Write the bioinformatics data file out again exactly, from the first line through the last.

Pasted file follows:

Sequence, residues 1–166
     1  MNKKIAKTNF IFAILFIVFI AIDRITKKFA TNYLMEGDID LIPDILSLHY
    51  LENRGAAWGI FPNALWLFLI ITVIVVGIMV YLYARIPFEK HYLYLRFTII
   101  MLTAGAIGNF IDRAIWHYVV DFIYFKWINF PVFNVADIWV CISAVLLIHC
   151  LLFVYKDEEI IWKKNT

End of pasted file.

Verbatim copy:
Sequence, residues 1–166
     1  MNKKIAKTNF IFAILFIVFI AIDRITKKFA TNYLMEGDID LIPDILSLHY
    51  LENRGAAWGI FPNALWLFLI ITVIVVGIMV YLYARIPFEK HYLYLRFTII
   101  MLTAGAIGNF IDRAIWHYVV DFIYFKWINF PVFNVADIWV CISAVLLIHC
   151  LLFVYKDEEI IWKKNT